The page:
As a Design Recruiter, I receive a lot of applications from Junior designers seeking help and advice on how to start a career in design. Recently, I caught up with a few applicants and asked how easy they’ve found the process of getting their foot in the door. For many, if not most, it’s been an extremely difficult process which raises some huge questions: How accessible is Design? How receptive is the industry to graduates and new talent? If there is something intrinsically inaccessible about the industry, how can we break it down? I think the main issues are affordability, timing and people.


University is becoming an increasingly expensive option, and for those who are lucky enough to afford the fees, maintaining a successful and productive university “experience” requires a huge ongoing commitment in terms of time and finances. For example, a Mac laptop with the right software will cost around £2500; design courses run for a period of months and also cost thousands.  Internships, which are often unpaid yet in some cases seen as an industry requirement, are another expensive option. When someone is trying to pay rent, particularly in cities like London, the expense is simply too much. We need a better system of financial support.

Time and Timing

The majority of people keen to break into the design industry have day jobs and I tend to find that workshops are arranged to suit the hosts rather than the attendees. More evening and weekend courses would make a huge difference.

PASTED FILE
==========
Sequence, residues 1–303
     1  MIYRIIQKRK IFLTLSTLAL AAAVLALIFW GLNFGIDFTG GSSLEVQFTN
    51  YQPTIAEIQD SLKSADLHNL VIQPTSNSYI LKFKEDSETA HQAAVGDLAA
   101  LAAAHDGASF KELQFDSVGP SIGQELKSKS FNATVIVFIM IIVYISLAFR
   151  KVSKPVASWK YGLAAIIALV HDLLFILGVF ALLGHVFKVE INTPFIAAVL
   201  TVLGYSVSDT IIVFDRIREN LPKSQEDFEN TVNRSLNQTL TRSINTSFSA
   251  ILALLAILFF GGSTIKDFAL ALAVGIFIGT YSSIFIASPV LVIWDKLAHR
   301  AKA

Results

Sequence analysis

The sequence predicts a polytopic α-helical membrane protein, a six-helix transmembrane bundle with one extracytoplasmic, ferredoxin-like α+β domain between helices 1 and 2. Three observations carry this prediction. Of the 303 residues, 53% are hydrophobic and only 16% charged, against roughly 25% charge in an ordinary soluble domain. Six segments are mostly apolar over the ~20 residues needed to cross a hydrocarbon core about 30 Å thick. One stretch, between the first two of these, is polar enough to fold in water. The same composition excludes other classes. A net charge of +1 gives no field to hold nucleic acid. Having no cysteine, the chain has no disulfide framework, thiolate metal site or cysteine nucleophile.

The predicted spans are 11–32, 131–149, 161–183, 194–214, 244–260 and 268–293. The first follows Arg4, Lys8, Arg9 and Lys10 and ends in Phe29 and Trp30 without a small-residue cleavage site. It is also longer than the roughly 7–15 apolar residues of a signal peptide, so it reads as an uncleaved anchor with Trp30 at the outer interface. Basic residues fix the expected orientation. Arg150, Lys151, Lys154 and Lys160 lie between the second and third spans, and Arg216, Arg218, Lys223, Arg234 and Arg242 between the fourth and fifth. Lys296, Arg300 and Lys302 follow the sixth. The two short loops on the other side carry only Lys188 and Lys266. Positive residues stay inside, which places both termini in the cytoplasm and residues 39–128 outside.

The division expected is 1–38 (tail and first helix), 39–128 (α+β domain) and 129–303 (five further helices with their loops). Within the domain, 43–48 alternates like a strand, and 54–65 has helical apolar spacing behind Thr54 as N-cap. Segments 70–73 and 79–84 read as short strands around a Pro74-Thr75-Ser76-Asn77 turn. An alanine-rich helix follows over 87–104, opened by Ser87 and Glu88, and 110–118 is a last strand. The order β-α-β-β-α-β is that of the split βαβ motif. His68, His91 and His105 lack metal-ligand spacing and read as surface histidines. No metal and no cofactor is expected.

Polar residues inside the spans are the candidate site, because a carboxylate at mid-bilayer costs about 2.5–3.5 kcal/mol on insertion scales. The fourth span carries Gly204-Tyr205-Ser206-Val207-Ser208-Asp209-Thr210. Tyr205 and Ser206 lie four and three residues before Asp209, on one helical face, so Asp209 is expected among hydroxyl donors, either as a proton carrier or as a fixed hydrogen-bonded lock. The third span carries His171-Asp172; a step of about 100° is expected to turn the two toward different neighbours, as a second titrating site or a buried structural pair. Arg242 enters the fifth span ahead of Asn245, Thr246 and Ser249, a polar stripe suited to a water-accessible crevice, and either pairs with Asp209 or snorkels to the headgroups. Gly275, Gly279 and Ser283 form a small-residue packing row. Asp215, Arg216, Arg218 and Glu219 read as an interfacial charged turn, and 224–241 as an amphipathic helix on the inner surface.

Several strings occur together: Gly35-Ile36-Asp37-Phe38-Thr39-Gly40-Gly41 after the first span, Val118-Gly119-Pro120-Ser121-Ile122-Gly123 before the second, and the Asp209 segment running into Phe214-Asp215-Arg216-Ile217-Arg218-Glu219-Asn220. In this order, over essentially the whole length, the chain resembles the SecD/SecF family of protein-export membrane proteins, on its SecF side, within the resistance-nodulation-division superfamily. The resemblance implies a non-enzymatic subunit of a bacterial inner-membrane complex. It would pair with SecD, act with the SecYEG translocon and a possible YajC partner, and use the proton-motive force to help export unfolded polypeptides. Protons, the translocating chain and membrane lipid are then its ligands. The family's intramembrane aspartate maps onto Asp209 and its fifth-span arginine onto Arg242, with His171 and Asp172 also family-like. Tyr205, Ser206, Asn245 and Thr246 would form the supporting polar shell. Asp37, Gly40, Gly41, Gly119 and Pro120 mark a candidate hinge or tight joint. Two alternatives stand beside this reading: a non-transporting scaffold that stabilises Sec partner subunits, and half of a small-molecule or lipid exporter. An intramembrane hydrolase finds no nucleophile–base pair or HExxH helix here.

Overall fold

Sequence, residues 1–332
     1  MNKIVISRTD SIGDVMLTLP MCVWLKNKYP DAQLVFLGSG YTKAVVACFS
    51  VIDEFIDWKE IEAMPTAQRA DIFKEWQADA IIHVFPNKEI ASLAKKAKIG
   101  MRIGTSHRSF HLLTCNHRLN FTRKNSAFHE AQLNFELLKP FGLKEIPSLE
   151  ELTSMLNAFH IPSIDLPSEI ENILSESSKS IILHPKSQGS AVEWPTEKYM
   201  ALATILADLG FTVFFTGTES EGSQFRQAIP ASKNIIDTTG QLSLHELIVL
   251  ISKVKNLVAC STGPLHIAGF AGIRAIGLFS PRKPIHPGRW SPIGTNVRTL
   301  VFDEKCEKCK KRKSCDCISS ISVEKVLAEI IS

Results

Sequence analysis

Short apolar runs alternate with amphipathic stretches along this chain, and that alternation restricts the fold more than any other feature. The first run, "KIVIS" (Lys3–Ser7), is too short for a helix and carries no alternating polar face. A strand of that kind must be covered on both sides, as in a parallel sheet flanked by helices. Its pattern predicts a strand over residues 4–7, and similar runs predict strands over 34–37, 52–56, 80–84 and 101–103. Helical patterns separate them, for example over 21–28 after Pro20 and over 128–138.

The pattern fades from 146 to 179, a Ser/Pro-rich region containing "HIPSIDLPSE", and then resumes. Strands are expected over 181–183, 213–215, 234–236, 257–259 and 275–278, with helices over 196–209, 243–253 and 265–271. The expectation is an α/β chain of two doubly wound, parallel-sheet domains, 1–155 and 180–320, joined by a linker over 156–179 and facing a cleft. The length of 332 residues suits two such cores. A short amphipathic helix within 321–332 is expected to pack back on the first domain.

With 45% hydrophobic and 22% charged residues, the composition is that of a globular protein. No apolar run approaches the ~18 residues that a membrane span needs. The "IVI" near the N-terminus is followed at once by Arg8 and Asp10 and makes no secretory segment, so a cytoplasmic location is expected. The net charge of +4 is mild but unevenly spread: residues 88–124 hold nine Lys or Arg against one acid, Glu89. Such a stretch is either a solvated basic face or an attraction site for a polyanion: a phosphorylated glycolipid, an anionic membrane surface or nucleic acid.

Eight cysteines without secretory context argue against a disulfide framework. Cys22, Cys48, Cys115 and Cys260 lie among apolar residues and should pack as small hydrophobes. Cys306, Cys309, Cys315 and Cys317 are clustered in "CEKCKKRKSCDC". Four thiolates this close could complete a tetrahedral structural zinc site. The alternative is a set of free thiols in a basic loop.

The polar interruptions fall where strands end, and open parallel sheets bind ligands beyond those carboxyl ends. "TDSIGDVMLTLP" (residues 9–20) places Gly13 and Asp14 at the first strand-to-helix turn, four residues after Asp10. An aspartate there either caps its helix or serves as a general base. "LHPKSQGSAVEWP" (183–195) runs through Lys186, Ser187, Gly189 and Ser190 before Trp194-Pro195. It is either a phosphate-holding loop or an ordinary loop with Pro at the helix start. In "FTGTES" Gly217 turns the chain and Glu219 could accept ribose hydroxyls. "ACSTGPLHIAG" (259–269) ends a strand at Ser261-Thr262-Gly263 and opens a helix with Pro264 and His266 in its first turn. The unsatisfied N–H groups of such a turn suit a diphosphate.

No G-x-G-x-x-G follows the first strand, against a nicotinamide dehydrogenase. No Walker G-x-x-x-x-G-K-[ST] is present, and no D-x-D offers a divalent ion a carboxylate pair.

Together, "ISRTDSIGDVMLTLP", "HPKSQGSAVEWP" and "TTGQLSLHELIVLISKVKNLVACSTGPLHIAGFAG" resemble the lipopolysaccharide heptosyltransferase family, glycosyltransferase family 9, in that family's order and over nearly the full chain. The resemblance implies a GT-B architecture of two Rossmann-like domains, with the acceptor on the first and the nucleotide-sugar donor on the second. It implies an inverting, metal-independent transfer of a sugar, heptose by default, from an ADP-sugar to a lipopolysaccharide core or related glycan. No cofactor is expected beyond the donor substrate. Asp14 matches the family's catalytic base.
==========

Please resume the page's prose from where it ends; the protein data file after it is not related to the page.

I was fortunate to have my oldest brothers Hiten and Vikesh as role models and mentors – but not everyone has that luxury. Who do people look to when they need inspiration? How do they reach out to senior designers they feel they can relate to or get advice from? I have seen a lot of established professionals complaining on LinkedIn when Juniors have approached them for advice. This is a damaging and demoralising attitude, both towards Juniors and in terms of the reputation of the industry as a whole. I’d like to see more key figures putting their hand up, a better mentoring network and a stronger will to help people progress in their careers. It’s easy to talk, but it’s more important to act. So I intend to offer some solutions in this blog series. I’ll link to some free or affordable workshops, discuss how we can change the education around design and offer some advice on mentoring too. I’d also love you to get involved. D&AD has launched a campaign #WeNeedNewBlood so this is a hot topic. Let’s get the conversation going!

I’d also love you to get involved. D&AD has launched a campaign #WeNeedNewBlood  so this is a hot topic.

  • Have you had a fantastic mentor?
  • Do you run workshops?
  • Are you struggling and need some help getting into the industry?

Let’s get the conversation going!

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